Author's Note:

So, I've been writing this story for myself for fun since I started watching the show... Figured I'd publish it and see what happens! So, please let me know what you guys think, thanks :)

The day my pack left was about a week after my sixteenth birthday.

We lived in a large house on the outskirts of town with a backyard that directly faced several miles of forestry, so silence was a luxury we were used to. No traffic, no noisy neighbors, and no complaints about the constant chaos that reigned in our household. I'd simply assumed that the boys had passed out at the college party they'd gone to, and that Dad and Susan were taking advantage to sleep while the girls were with our aunt. I had always been more of a morning person, but I felt strangely sleepier than normal, and couldn't bring myself to wake up with the sun like always.

It wasn't until almost noon that I noticed that the silence wasn't a sign of peace, but rather a sign of absence. I opened the door to my room and padded quietly out into the hall, listening for any sign of life in the house. When I reached the stairs and started to walk down, the air became thick and my moves sluggish.

Everything was gone: the worn out couches the boys used; the La-Z-Boy our father laid on while the toddlers tried to climb onto his lap; the dining room table where my brother always sat to explain trigonometry to me. There were lighter square patches on the walls where family photos and paintings had been taken down and the carpet was littered with imprints from furniture that was now gone. As I wandered into the kitchen, I was met with a similar scene. The refrigerator had been left behind, and when I opened it, I found a week's worth of food in a bag, just like my stepmother used to prepare for us when we'd go camping.

There wasn't a note explaining, but it was when I found the food that I knew for certain they'd left. Mercifully, the house phone was also left behind. In something of a daze I called the only person I could think of for help, and then sat down on the kitchen floor to wait.

The Sheriff was walking into my house in less than ten minutes. Maybe it was my tone of voice, or maybe it was simply that I'd said, "My family is gone. All gone," but he seemed to have realized it was an emergency and had stopped whatever he was doing to get to my house. Stiles was with him, and despite his father's protests, he wandered into the foyer only seconds after the Sheriff did. He was a year or two younger than me, but we went to middle school together. He lost his mom shortly after I lost mine. That was about as much as I knew about him.

Sheriff Stalinsky wasn't too sure about how to proceed, and who could blame him? It's not every day that a family drugs their daughter with sleeping pills and then disappears overnight. He found an envelope in what used to be my father's office, and it was everything for him to not act unprofessionally angry when he found that it contained emancipation paperwork and some money orders to pay for utilities and rent for a month.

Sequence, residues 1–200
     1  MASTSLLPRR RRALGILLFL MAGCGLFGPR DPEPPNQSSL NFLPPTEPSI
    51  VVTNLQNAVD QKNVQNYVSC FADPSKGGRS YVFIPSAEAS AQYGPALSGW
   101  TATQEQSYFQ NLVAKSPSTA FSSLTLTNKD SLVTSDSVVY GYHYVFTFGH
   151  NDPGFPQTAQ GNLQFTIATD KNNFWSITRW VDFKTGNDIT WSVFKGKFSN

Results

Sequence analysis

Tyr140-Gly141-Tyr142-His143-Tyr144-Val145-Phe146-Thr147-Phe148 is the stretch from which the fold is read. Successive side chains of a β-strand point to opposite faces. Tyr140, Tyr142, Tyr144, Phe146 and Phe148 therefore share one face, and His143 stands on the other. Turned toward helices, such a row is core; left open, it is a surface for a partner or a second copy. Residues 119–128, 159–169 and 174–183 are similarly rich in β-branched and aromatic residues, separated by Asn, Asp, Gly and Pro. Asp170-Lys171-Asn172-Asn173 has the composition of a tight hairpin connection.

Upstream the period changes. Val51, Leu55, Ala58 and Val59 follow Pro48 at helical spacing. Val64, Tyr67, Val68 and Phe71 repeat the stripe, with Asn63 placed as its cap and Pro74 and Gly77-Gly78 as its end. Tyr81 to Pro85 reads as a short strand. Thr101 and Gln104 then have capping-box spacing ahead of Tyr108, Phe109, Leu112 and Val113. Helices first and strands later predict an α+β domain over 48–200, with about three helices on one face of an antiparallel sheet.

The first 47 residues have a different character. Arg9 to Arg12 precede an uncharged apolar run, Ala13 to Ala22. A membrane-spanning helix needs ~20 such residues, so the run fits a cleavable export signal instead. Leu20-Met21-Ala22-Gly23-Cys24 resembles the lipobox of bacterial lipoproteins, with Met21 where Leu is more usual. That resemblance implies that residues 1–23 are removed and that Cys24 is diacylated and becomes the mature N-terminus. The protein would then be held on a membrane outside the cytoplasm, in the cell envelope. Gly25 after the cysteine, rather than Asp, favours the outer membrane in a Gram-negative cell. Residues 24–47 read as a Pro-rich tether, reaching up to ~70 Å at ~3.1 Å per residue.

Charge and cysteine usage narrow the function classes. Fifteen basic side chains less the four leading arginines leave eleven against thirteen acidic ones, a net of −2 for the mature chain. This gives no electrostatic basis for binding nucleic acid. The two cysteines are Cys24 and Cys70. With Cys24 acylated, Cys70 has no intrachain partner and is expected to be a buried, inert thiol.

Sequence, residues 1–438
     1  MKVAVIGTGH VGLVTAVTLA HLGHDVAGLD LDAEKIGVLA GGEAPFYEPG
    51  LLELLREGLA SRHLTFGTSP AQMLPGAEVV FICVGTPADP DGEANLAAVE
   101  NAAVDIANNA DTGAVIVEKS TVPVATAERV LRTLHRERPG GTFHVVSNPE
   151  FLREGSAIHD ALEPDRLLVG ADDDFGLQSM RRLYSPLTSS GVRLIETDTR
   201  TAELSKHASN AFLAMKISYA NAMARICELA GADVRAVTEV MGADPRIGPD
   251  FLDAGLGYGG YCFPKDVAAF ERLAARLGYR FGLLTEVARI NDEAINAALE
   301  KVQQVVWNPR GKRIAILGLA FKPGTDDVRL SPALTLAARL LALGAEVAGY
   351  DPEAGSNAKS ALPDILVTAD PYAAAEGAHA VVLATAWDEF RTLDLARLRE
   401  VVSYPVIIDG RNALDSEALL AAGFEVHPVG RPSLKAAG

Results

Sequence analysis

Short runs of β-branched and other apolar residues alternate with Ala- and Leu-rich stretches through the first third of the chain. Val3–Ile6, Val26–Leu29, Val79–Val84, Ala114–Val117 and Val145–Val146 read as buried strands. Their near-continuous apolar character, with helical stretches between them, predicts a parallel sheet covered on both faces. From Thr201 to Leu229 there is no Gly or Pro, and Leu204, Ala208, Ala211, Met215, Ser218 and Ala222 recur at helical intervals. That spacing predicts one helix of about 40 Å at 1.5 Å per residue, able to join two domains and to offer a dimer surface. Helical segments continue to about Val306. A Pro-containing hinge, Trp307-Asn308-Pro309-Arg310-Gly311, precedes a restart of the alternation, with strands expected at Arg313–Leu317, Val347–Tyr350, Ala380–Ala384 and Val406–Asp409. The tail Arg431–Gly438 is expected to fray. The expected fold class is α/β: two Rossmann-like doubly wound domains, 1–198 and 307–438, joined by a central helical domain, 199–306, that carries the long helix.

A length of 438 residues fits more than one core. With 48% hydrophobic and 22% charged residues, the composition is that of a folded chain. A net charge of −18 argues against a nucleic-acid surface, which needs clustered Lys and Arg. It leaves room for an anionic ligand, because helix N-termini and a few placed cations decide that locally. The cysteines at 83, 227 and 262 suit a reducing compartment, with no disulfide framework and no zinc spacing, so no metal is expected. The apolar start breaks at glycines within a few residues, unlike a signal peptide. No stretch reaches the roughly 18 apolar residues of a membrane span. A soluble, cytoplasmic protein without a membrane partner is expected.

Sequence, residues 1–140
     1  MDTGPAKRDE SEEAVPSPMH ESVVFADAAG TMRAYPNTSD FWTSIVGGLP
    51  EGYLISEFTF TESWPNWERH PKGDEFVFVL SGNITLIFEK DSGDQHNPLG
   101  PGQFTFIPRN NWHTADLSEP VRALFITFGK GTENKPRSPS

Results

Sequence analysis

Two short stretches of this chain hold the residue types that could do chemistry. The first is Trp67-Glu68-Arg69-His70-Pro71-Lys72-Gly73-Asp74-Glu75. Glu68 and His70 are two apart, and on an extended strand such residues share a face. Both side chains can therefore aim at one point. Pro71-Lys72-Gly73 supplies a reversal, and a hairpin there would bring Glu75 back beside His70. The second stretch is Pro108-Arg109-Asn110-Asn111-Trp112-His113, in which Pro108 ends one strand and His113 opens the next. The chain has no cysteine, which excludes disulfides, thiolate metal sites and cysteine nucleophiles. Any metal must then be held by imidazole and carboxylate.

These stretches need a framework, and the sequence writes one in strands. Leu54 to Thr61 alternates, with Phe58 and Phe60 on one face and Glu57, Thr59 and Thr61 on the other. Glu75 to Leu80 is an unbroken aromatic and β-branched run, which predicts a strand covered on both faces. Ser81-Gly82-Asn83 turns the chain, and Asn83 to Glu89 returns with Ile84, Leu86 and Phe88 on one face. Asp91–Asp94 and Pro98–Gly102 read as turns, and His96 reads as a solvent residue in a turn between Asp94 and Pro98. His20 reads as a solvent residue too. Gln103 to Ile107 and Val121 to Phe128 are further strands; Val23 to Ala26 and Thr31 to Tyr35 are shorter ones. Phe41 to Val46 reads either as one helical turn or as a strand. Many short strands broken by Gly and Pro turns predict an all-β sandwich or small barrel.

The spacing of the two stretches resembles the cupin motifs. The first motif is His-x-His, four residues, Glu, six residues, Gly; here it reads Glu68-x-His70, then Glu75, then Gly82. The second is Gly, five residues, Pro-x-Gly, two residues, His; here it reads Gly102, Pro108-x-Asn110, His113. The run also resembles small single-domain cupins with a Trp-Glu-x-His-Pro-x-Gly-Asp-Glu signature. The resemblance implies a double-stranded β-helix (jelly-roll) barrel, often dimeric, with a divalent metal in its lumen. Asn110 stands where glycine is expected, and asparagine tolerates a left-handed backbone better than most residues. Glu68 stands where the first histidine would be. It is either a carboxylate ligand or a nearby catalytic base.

My memories after the moment I read the paperwork are very hazy. I know that Child Protection Services arrived and the Sheriff insisted that I stay at his home until everything was sorted out, which I did, for a week. I remember Stiles watching me, waiting for the moment the emotion would hit me. Hell, everyone watched. I overheard someone in a suit comment in a whisper that maybe the whole thing was staged, because it didn't seem believable and I seemed completely unaffected. Ha, he didn't know the half of it.

Wolves aren't supposed to abandon one of their own. I had never shifted like my brothers had, or even like my parents, but I'd never felt separate from them. My uncle and one of my cousins was human too, and we'd go bowling while the family went for their traditional runs. Even if we weren't all wolves, we were a pack.

But, of course, every family has its secrets. My mother was the alpha, and so when I was born, it was a celebration, just as it had been with my brothers. As a child I didn't notice that everyone had dark eyes while mine were honey colored, or that I was the only one with mahogany-colored hair. Back then, everyone simply said, "Of course, babies' eyes change color all the time," or "Oh, brown hair must be a recessive gene," and as far as I'd known, they believed it.

When my mother died, however, my Dad lost it. Alcohol owned his nights, and dragged him through the daylight hours. One bad night in a drunken rage he started ranting about hunters, and amidst his only slightly coherent yells called me a bastard child and said he never wanted to see me again. So, I went to live with Auntie Jessie so he wouldn't have to. A week later, my brothers picked me up and took me home. Everything went back to normal, and I welcomed it. A couple of months passed, and Dad met Susan. She replaced the alcohol, and did the typical things that "cool" stepmothers do to try and win their stepdaughters over. Shopping and talking about boys and running as a human in the morning while the pack shifted. It didn't mean much that I didn't participate in the ceremony when they got married while all of my siblings did. In all honesty, I didn't notice. I was just happy that she'd be a part of the family. We were all happy. I hardly even remembered that dark night when my father disowned me for the first time.

When I saw the papers, however, I remembered it perfectly clear, and realized the reason I'd been left behind.